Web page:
Reducing Ammonia and Keeping Chicks Safe

March 1, 2019

Keeping your chicks safe and healthy after receiving them from Hoover’s Hatchery is your number one concern, and it’s ours too! We want you to be successful flock owners and enjoy every minute that you have chicks in your care. We have some great tips and products to keep those chicks safe and healthy from the brooder phase all the way to the coop phase.

Brooding Areas

When first receiving chicks, make sure they have a deeply bedded brooding area with large wood shavings. This will ensure that droppings and dirty water from the waterer don’t cause too much moisture in the brooding area as often. It will help keep the ammonia smell down and you won’t feel like you need to change the bedding daily. Give the bedding a few sprays with Chick Fresh, a product from Coop Clean, before putting the chicks in to keep ahead of the smells that a brooder can accumulate.

Chicks need heat for the first few weeks of life to ensure that they are warm while they grow in their larger feathers. The heat that the lamps give off inside the brooder can make the bedding a little smellier. Stay ahead of the game by ensuring the waterers are up off the bedding by a few inches or use a hanging waterer in the brooder. Hanging waterers are becoming a more popular option when it comes to watering chicks and chickens. You can find these at your local Tractor Supply or farm store. The hanging waterers keep the water in the bedding down to a minimum and the chicks have less of a chance to get into the water to get their down wet making them cold.

Chicken Coops
As chicks get older and grow out their brooding areas they get moved out to the coops. No matter the size of your coops bedding, droppings are always a constant chore to keep clean. Deeply bedding the coops and changing out the bedding often are highly encouraged to keep the ammonia down. Ammonia can have dangerous effects on the respiratory systems of animals. High ammonia levels can lead to bacterial respiratory infection and especially E. Coli infections. Coop conditions would have to be extreme for sicknesses to occur but it’s always good to keep in mind these things can happen. Keeping coops well ventilated and bedding clean will ensure healthy chickens.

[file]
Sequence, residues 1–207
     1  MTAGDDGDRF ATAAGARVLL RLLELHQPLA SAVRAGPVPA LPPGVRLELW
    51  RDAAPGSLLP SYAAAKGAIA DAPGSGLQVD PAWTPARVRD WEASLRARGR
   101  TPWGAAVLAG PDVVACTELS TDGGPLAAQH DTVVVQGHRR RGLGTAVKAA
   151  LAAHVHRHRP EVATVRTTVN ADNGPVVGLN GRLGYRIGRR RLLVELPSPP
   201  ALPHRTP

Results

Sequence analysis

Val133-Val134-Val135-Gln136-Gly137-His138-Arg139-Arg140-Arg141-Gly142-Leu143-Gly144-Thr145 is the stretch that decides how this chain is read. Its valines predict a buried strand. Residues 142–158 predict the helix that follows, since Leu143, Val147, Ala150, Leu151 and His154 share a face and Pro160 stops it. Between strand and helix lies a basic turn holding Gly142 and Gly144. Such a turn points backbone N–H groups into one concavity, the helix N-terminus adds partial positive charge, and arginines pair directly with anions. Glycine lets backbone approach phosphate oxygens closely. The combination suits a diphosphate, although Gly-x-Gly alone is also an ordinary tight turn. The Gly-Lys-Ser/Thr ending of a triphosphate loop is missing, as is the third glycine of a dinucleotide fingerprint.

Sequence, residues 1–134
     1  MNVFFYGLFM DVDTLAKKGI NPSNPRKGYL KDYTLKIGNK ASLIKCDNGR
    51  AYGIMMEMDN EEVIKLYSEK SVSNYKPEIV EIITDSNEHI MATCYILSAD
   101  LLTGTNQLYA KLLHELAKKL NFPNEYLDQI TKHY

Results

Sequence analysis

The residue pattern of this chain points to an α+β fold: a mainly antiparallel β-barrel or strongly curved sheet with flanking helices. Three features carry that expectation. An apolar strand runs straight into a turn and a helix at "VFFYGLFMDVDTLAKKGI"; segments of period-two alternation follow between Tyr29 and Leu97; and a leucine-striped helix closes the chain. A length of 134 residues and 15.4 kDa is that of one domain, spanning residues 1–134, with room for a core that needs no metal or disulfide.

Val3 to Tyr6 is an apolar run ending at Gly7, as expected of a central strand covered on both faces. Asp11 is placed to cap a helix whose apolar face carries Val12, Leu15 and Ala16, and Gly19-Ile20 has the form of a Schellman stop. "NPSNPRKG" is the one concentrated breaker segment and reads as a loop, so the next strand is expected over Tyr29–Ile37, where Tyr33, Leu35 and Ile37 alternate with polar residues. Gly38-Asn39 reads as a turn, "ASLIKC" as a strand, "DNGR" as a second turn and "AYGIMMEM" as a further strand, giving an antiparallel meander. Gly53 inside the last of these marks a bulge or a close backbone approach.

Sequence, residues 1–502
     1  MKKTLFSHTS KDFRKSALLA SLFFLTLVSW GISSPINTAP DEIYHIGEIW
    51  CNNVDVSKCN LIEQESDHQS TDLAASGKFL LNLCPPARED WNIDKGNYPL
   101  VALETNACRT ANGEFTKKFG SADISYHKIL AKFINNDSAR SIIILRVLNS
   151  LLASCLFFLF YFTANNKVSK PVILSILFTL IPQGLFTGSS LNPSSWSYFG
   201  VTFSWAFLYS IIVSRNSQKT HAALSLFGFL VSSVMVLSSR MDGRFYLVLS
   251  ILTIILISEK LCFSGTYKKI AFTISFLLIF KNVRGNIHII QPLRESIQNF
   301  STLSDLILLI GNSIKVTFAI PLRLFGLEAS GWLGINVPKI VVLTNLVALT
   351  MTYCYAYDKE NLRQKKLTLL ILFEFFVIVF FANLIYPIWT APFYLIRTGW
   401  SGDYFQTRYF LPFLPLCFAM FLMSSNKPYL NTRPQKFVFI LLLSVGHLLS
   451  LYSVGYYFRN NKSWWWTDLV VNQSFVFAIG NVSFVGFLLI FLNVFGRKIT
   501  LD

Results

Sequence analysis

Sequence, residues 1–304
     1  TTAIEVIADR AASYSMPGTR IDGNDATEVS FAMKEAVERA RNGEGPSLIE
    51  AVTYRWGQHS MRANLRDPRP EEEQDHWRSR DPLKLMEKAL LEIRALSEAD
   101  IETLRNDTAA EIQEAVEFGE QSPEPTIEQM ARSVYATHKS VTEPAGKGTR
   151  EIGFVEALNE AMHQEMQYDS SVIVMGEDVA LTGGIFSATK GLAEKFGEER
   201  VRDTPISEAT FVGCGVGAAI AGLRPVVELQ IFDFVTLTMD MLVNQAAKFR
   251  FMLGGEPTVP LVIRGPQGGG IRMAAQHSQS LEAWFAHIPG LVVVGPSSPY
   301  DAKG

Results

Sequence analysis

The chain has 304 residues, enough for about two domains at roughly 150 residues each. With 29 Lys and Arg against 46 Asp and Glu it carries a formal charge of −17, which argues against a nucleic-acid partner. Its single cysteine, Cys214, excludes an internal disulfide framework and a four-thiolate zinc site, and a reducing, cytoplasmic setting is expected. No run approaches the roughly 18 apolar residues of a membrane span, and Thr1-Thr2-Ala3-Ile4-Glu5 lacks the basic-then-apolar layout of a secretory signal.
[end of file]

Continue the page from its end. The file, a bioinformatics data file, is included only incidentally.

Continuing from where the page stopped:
When changing bedding, spraying Chick Fresh on the bedding is a great preventative measure to stay ahead of the ammonia smell. It’s an anti-microbial that has proven to reduce dangerous ammonia in coops and keep the area smelling fresh. Naturally safe microbes in Chick Fresh consume the urea and other odor causing compounds found in litter, making our product safe and environmentally friendly. Chick Fresh has unmatched control of odors caused by litter, bedding, old feed, animal urine, manure, and dirt.  Chick Fresh is safe and easy to use.

Spraying Chick Fresh in coops will prolong the life of the bedding by reducing the ammonia.

Chick Fresh “pays for its self” and will: prolong the life of your animals, help maintain healthier living conditions, promote more productive egg laying, allow you to raise healthier and more productive animals, and delivers a more compost friendly waste for gardens. For best results, spray daily around coop floor where odors develop. Also spray walls, nests, roosting areas and especially around wetter damp areas. 

Our team at Hoover’s believes there is no other product on the market that does as better of a job protecting your bird’s respiratory system and keeping your chick and chicken areas safe and smelling great.

Chick Fresh can also be used on compost piles to help the smell and further break down waste.

You can find Chick Fresh by Coop Clean at your local Tractor Supply store or online at https://flextraninc.com/animal-care/products/chick-fresh.php

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1 Comment
    1. I highly recommend use of zeolite for ammonia control. We love at 8000 ft altitude and our flock not infrequently in the winter are confined to the chicken house because of deep snow Although deep straw bedding is changed as needed damp and poop loaded bedding is a challenge all winter. I buy zeolite at a pool supply house for $35/40lbs. It’s unaffordable in little plastic bottles at retailers.

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